Sunday, July 31, 2011
Recently I wrote a post on my banana plant (a banana grows in Virginia) and wrote I would follow up. Well, here 'tis! My stunning banana plant flower produced these cute little red/pink bananas (probably not edible). As I wrote in the past, bananas like water and a relatively heavy feeders (I give them fish emulsion, but no fertilizer in the winter). They need shelter in the winter (mine do fine in the attic by a window- they look like heck at the end of the winter, but perk up quickly).
Happy gardening! Go bananas!
Sunday, July 24, 2011
My semi-hardy eucalyptus came down in a recent storm, but many of the roots still seemed to be in the ground. Using my favorite medium ("road crew bamboo" and twine) I made a slanted 4-pole, tee pee-style trellis to hold it up after my son helped pushed it back into a semi-upright position (it had grown on a slant, so we could not completely straighten it). I also had to take off the top 5 feet of the tree. So, we will see if this works and I will report back. I really love this plant, but I can also replace it next spring if this effort fails (eucalyptus lasts 5 to 7 years here: if a storm does not get it, ice does. But it grows fast).
One "bonus" of this damage is that I now have eucalyptus to preserve for wreathes and floral arrangements. You cannot just dry eucalyptus- the leaves will become too brittle. You need to preserve it using a glycerin and water mix (glycerin is available on line, just search for soap and lotion making supplies or get it at an old timey pharmacy). Here are the instructions:
Smash or crush the ends of the stem to allow better absorption of the following mixture: 1 part vegetable glycerin to 2 parts hot tap water to 2 inches deep. Dry indoors for about 1 week. When the leaves feel dry, but still pliable, the eucalyptus fronds are ready to use. Cut off the smashed ends and use in floral arrangements.
Saturday, July 23, 2011
A good reminder from Betsy Franz on problems using garden and lawn chemical, especially in this heat is at:
Monday, July 18, 2011
I jokingly wrote an entry a while back called "How to kill a tree." Sadly, a new herbicide, Imprelis, thought to be environmentally "better" (whatever that might mean) has been implicated in the death of trees, especially those with shallow roots, like willows, poplars and conifers. For the full article, go to the New York Times at:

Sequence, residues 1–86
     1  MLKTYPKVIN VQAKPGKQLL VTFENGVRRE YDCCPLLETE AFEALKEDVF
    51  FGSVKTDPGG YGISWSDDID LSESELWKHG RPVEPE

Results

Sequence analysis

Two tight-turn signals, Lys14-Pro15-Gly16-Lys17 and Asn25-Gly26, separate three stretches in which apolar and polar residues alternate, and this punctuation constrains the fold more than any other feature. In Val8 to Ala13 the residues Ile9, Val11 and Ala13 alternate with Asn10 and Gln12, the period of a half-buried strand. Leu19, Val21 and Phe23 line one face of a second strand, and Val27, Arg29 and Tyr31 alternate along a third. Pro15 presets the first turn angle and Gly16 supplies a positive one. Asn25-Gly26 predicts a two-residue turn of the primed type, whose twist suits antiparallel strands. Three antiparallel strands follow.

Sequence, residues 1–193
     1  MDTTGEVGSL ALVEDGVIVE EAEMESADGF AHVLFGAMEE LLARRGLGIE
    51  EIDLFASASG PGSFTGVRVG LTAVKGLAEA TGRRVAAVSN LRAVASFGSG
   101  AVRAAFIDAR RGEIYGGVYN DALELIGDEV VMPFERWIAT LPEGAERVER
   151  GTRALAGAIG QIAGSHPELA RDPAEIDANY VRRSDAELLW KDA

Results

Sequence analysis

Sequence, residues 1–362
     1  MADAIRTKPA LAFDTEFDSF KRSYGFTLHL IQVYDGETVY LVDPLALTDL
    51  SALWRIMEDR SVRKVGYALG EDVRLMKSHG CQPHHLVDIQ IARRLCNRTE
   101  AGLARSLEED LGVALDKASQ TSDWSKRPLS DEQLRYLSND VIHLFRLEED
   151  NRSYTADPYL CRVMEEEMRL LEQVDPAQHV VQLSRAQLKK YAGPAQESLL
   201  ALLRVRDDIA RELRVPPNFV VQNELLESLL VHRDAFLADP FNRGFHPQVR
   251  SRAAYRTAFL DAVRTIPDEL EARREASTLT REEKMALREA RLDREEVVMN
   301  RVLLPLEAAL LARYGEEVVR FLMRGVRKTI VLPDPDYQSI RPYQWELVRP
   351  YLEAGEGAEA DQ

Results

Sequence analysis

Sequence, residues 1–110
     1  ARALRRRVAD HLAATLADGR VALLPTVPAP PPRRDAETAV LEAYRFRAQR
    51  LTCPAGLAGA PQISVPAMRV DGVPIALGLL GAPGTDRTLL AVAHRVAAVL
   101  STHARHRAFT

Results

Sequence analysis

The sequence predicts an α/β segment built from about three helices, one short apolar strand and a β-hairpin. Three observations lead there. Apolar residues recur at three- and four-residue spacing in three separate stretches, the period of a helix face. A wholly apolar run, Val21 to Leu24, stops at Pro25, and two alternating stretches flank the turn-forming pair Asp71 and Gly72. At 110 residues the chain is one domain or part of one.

Sunday, July 17, 2011
I knew water hyacinth was a strong grower when I ordered it in May. Indeed it is banned in frost free climates, like Florida, as it is invasive and chokes waterways and wetlands there. It is fine to grow in an enclosed water garden in Virgina, where it is killed by frost (though all that dead vegetative matter needs to be removed before it rots away). But I have been more concretely reminded of how vigorously this plant can fill any available water space now that I grow it. Above is the water garden after I removed the pile of hyacinth below. Unfortunately, I did not take a photo before I pulled the plants out, but, believe me, it does not look all that different. In addition, this is the third time I have done this since mid-may when I received the 12 little plants!
Wednesday, July 13, 2011
(Lagniappe: Cajun for: a little something extra that is pleasurable).
A banana flowers in Virginia! As I have professed before, I have a thing for bananas. Banana plants, that is. This is blooming today in my central Virginia garden, a pretty, exotic touch! Other than needing winter protection, potted bananas are pretty easy to care for, though they are heavy feeders (fish emulsion) and like a lot of water. The second photo shows the part that becomes the fruit-the while, bulbous base to the yellow flower (the ovary).
Sunday, July 10, 2011
Love water lilies but don't have a pond? I have a pond, but the water moves too much- the water lily likes its water still. But if you have a large enough water holding container (thank you Madeline for this galvanized round water trough) you can have a super dwarf water lily (this one purchased from Lilypons http://www.lilypons.com/ ). It was easy to plant in a plastic container without holes (to prevent soil from leaking out) topped with cleaned gravel (ditto). I also gave it a pond plant fertilizer tab and put a quarter of a mosquito dunk (made from the natural bacteria BT) in to prevent mosquitoes from hatching. I dyed the water black with pond dye to hide the pot. In the winter I will lower the water a lot, and put it in my garage for shelter and top it back up with water. I think it looks very nice on my back deck.
Sunday, July 3, 2011
We saw a "flock" of hummingbirds at this feeder at the nature center in historic Batsto Village in Batsto, NJ, a great place to view pinelands plants and ecosystems. At times there were a dozen birds feeding. The naturalist said she has to fill the large feeder twice a day! Enjoy the video!
Sometimes I cannot help myself and buy a plant on impulse (Do I have a place for it? Not really. Does it fit in with a color or landscaping scheme? Nope). I like salvias (sages) and in the spring of 2010 I bought a perennial, clary sage. The first year it did not do much, gathering strength, perhaps, and coping with transplanting. This year, the plant sent up three stalks, with beautiful, pebble-textured leaves and pointed, nodding flower buds. The first bud has swelled, turned into an upright flower stalk- this photo does not do it justice! It is large and striking. So far, a no fuss plant, needing nothing but occasional water.
PS a note on "I like..." I am reminded of a college friend who, whenever a song played, shouted "This is my favorite song!" I am like that with plants....sorry!